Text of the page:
Sometimes all of that added salt can hide in unexpected places. Here are some of the largest contributors to salt intake in the United States:
- deli meat
- canned soups
- savory snack foods (like chips, pretzels, and crackers)
- boxed pasta dishes (like macaroni and cheese)
- ready-to-eat meals (like tv dinners)
- salty condiments (like salad dressings and soy sauce)
Highly processed packaged foods make up 70 percent of total sodium intake in American diets. That’s why eating diet rich in whole foods and low in processed foods is the best way to control sodium intake.
So, how much sodium should you be eating anyway?
Although there’s some debate over how much sodium people should get, major health organizations recommend staying below 2,300 milligrams per day.
These recommendations are even lower (about 1,500 milligrams per day) for peeps with medical conditions like hypertension.
Most people consume much more sodium than that, though. The average American gets 3,600 milligrams of sodium per day.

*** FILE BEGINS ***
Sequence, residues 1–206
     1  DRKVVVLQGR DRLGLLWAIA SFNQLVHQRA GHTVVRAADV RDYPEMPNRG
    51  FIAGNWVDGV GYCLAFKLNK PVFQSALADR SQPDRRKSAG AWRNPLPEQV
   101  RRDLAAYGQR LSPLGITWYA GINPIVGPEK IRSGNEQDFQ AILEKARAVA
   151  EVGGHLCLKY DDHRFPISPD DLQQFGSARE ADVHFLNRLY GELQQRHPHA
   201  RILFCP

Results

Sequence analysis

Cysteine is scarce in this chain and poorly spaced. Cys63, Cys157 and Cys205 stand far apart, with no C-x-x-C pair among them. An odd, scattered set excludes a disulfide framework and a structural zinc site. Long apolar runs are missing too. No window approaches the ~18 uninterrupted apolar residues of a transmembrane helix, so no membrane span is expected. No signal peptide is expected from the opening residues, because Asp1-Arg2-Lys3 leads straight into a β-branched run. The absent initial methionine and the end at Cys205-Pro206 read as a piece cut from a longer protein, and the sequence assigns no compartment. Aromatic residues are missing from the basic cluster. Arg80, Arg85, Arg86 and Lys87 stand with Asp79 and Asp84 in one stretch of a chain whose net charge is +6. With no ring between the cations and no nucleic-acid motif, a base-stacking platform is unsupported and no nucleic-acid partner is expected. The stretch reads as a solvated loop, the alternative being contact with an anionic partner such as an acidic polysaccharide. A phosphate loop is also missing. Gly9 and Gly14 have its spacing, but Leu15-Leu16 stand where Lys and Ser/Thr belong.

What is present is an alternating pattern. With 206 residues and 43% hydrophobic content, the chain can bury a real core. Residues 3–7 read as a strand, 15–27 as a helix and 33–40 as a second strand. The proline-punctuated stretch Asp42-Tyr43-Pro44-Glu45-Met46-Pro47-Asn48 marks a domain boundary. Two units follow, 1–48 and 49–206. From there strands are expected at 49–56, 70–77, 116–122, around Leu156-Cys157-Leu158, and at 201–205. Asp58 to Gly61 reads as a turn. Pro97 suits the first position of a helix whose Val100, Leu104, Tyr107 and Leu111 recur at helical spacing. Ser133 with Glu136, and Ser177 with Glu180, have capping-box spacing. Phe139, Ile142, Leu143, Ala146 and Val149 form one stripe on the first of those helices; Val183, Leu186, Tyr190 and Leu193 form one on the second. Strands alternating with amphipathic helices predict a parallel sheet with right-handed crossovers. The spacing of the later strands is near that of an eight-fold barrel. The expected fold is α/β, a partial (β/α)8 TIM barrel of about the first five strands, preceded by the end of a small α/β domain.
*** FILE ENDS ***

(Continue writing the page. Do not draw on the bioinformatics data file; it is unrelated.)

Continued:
It’s important to note, though, that some health experts disagree with current sodium guidelines. They argue that these recommendations are too restrictive and unnecessary, especially for folks with normal blood pressure.
Wondering how to find out how much sodium you’re getting? The nutrition facts label will list the total amount of sodium in each product. This is shown per serving both as value in milligrams and as a percent of your Daily Value (DV).
Currently, the DV for sodium is less than 2,300 milligrams per day. This means that total sodium intake should be kept below 2,300 milligrams on a daily basis.
Foods containing 5 percent DV or less of sodium per serving are considered low in sodium while foods containing 20 percent DV or more of sodium per serving are considered high in sodium.
Here are some sodium-related claims you might see on food packaging and what they mean:
|Salt/sodium-free||less than 5 milligrams (mg) of sodium per serving|
|Very low sodium||35 mg of sodium or less per serving|